The death of a 10-year-old boy who was struck by a sport utility vehicle on a stretch of Route 408 in South County last weekend has renewed concerns among nearby residents about what they call a dangerously sharp curve.
Todd Pierre Hicks Jr., of the 1000 block of Mount Zion Marlboro Road in Lothian, was taken off life support late Monday at Children's Hospital in Washington, where he had been in critical condition since the Sunday morning accident.
Hicks is the first child traffic fatality in the county this year. Last year, five people under age 18 - including one under 12 - were killed in traffic accidents, police said.
"When we go out, we fear for our lives," said Patricia Bias, whose house is at the cusp of the curve where the accident occurred. "It's a horrible, horrible, horrible curve."
As she prepared food to take to the Hicks family yesterday, Bias talked about her plans to start a letter-writing campaign. She has lived on Route 408 - locals call it simply Marlboro Road - in Lothian for 20 years and said the posted speed limit is 35 mph, but "everyone goes so much faster."
Although she could not recall another fatal accident in the area, Bias said she has seen several vehicles land in her garden after taking the curve at too high a speed.
There are no speed-control devices, such as speed bumps or humps, and only one sign notes the curve, residents said.
"Unless you really drive Marlboro Road regularly, you're not prepared for the curve," said Bias, whose husband, Harvey, and another neighbor, Lee Dove, helped at the accident scene.
Dove said he stopped traffic until police arrived at the scene.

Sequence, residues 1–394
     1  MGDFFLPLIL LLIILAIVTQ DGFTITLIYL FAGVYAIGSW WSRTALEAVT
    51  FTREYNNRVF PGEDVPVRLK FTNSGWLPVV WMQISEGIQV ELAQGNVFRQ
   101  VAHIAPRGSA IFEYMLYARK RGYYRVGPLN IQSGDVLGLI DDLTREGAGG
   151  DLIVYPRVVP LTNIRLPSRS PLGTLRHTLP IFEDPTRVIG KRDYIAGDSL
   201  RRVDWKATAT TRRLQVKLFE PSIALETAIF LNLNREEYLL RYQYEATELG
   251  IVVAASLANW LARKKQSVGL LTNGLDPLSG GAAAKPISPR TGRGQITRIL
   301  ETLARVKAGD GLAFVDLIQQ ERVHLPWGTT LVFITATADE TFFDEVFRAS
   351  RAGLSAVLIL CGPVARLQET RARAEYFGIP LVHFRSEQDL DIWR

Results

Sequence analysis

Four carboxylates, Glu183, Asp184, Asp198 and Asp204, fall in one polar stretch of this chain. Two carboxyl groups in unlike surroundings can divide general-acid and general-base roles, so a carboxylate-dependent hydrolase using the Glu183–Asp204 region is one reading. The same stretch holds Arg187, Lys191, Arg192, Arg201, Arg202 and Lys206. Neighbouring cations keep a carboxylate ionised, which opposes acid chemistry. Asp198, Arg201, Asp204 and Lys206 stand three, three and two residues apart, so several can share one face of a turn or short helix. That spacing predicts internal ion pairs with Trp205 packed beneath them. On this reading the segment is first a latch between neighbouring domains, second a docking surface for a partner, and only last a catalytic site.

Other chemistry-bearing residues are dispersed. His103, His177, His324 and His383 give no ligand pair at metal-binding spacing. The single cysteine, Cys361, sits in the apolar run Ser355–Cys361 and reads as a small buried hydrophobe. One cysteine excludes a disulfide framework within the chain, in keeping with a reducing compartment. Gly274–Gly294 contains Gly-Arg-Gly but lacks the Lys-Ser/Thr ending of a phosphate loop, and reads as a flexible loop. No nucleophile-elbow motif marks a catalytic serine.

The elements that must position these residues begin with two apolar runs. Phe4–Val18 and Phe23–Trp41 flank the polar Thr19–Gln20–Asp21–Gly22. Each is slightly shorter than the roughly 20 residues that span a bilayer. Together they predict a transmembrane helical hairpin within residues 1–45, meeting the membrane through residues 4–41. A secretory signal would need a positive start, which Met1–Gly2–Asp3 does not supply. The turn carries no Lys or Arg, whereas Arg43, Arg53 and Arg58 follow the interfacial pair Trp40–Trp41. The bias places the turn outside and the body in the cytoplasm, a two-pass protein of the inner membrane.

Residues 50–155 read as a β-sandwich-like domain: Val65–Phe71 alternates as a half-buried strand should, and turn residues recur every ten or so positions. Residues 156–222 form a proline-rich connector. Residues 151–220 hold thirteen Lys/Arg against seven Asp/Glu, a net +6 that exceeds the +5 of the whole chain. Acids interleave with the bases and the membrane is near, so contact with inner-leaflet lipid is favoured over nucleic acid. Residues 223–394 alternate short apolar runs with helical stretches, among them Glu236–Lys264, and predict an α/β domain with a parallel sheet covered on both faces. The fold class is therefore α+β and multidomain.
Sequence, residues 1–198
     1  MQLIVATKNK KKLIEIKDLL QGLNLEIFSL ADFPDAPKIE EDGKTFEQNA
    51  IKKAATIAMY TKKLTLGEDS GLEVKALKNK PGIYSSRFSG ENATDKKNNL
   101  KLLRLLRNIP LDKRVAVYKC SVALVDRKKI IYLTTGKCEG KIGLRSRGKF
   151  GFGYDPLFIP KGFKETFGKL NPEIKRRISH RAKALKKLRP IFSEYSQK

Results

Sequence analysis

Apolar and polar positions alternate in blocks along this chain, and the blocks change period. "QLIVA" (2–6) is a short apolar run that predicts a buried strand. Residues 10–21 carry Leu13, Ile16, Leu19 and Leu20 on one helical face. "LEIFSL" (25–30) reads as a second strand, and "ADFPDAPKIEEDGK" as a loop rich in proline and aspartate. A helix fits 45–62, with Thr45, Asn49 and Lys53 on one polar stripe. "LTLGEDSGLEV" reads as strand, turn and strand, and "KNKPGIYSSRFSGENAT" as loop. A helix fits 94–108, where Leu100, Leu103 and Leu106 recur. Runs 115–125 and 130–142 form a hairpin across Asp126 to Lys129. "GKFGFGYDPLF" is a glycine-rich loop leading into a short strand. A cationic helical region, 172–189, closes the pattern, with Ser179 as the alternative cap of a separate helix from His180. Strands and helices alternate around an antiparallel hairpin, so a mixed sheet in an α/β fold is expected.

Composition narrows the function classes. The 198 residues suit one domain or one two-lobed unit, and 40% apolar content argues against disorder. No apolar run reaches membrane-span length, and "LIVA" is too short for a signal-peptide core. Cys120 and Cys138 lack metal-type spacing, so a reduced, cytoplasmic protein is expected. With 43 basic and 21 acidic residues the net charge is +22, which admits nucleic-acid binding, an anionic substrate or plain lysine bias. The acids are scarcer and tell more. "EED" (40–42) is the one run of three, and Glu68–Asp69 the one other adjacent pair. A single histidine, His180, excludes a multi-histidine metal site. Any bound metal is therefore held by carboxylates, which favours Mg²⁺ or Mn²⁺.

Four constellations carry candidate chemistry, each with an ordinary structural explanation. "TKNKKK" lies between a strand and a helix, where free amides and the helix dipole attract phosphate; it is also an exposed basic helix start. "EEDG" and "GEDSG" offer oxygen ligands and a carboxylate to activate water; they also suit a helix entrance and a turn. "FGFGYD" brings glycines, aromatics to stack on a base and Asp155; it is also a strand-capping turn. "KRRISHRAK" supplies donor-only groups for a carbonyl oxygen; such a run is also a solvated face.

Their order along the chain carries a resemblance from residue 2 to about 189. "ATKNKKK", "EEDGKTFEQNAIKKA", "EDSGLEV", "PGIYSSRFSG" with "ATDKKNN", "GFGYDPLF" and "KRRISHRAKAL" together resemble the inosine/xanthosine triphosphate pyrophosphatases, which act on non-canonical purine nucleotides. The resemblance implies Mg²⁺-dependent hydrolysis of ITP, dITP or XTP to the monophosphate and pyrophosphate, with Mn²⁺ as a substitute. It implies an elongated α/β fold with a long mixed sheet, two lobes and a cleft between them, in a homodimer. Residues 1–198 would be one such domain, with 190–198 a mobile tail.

"With people coming around, they wouldn't have seen what was going on," he said of the accident scene. "It's a very dangerous curve, you better believe that."
Hicks lived a few steps from where the accident occurred. The family moved to the area about four months ago, neighbors said. Family members could not be reached yesterday.
Police said a 1996 Chevrolet Suburban headed south on Route 408 rounded the curve Sunday morning and struck the boy with such force that he landed 140 away.
The Suburban's driver, Arthur Michael Campli, 43, of Lee Jackson Drive in Lothian, told police he saw the boy in the road and tried to stop. Campli was uninjured, police said.
With an investigation continuing into the accident, police spokesman Officer Charles Ravenell said the department could release few details. But police have said they do not believe the driver was speeding or under the influence of alcohol.
The State Highway Administration, which maintains Route 408, will investigate the curve, said David Buck, a spokesman for SHA. In general, he said, "if the road itself is determined to contribute to an accident, we'll look to make improvements." Temporary improvements could include increased lighting and signage, he said.
Harvey Bias said he would like to see the speed dropped to 15 mph around the curve. "Otherwise, next time, it's going to be a pileup," he said.